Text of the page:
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The retail battleground

When we sat down to talk about retail organized crime (ROC) with the group of loss prevention professionals you see on the cover of this issue, they came armed with tales of highly sophisticated financial crimes: credit card and debit fraud, slick cheque forging operations, organized shoplifting and gift card fraud.



July 4, 2007
By Jennifer Brown


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I added them to the anecdotes I’ve heard Rita Estwick telling the
security industry since she began her role as co-chair of the Retail
Council of Canada’s Loss Prevention Committee in January. At a Toronto
ASIS dinner meeting earlier this year Estwick talked about how last
year, Nelson Harrah, a senior LP professional from The Gap in the
U.S.,  had been in Toronto working with Canadian authorities on the
investigation of a booster shoplifting network.  One of the individuals
eventually apprehended had been previously arrested in the U.S. for
similar activities.

That story lends credence to a belief that a crackdown in U.S. laws
against retail organized crime is pushing the problem north of the
border. The RCMP estimates retail organized crime in Canada at about $5
billion and growing.

Retailers manage a tough business. They employ workers who are often in
their first job or those with little other work experience. In many
cases, turnover is high in retail. Training, although promoted as the
best defence against retail crimes, comes at a cost as well and must be
reinforced — not easy to do when the day-to-day mission is to sell
goods, make a profit and deliver great customer service all at the same
time. Now, among other defensive tactics, retail store managers must
train associates to not only keep an eye on the merchandise, but to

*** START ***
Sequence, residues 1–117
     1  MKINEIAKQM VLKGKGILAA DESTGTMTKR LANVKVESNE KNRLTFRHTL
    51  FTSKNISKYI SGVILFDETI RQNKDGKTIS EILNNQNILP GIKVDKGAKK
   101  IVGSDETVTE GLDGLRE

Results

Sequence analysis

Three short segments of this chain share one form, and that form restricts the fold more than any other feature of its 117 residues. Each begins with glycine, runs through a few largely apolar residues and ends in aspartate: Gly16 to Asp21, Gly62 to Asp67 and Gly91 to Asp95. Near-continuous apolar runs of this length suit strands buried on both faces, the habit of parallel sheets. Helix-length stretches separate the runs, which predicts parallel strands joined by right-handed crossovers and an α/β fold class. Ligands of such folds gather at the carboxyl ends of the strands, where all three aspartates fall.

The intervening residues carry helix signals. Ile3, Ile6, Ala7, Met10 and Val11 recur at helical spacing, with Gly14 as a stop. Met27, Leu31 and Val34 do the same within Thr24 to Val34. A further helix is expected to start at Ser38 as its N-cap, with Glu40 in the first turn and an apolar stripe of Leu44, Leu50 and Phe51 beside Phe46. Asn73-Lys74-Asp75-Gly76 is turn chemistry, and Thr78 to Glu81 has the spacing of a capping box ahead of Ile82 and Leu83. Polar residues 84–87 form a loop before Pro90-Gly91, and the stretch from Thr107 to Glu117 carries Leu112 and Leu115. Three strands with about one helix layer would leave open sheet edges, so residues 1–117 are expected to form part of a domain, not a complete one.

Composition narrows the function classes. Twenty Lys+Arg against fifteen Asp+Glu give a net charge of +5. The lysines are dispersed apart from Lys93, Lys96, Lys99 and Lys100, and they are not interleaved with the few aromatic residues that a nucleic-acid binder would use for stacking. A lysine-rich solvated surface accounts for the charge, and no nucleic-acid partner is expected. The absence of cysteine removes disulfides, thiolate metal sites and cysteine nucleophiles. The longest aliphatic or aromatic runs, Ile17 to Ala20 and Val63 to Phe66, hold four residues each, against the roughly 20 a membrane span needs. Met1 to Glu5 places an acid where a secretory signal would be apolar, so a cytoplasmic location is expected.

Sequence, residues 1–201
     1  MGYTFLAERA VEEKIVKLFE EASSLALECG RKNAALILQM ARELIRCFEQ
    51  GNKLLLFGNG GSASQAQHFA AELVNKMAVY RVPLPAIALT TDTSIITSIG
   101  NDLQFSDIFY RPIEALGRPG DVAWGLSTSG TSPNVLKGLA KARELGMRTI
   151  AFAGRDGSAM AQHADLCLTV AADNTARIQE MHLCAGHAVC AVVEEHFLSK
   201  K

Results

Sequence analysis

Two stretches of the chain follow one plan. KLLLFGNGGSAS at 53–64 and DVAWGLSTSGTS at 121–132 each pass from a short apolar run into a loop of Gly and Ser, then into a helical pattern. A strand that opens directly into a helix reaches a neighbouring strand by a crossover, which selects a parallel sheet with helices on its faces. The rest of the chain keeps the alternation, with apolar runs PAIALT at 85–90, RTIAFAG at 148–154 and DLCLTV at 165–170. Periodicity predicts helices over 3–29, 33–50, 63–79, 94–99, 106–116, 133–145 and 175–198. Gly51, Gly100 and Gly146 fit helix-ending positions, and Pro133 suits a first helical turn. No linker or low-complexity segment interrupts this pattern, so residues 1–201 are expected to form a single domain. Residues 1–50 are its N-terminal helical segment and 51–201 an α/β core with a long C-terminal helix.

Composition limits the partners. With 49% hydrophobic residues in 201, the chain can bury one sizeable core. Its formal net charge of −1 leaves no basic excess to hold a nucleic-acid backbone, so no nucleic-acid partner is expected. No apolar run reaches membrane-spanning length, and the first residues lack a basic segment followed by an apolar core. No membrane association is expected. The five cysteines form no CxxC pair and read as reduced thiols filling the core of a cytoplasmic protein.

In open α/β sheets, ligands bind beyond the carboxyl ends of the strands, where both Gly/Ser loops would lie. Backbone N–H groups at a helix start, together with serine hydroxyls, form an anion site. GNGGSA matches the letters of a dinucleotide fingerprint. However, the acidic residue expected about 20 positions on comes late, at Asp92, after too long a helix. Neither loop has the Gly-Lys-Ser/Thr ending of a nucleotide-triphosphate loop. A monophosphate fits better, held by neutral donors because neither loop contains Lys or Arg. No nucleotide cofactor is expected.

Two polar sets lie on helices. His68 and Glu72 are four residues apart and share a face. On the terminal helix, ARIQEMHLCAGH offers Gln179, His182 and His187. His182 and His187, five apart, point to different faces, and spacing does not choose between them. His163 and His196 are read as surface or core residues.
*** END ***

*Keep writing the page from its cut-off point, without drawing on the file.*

also secure the cashier’s PIN pad when not in use and to periodically
check it for tampering.

And while you might think the big box retailers are among the hardest
hit, smaller stores in more rural communities are targets too. In 2005,
information from StatsCan revealed that retail theft in communities
such as Banff and Grand Prairie, Alta., was on the rise. Not
sur-prising given the boom in the West, but it made it clear no one was
immune — ROC goes where the action can be found.

It’s no surprise then that the RCC and its members have a keen
understanding of what it meant when the U.S. government signed into law
H.R. 3402, an Act that recognizes retail organized crime as a priority
for law enforcement. The FBI now has a mandate to work with U.S.
retailers to create a national database to identify where retail crime
is taking place. The law in the U.S. came with $5 million for managing
that database and training of law enforcement to investigate and
prosecute the crimes. Canadian retailers are going to try and develop a
similar database, although there’s not a pot of money from the feds to
do it.

California is also working on a retail organized crime bill that will
make it tougher for stolen goods to be sold in flea markets and online.
Provincially, Ontario is examining the Pawnbrokers Act and
New-foundland and Labrador are passing the Flea Markets Regulation Act,
which forces vendors to provide documentation to operators or police to
confirm goods have been obtained through legal sale.

The RCC has managed to secure a seat at the Ontario Government’s
Special Advisory Forum on Organized Crime, which Estwick views as a
major “win”. In a battle like this, gaining political spots such as
that is a significant milestone.

Jennifer Brown, Editor


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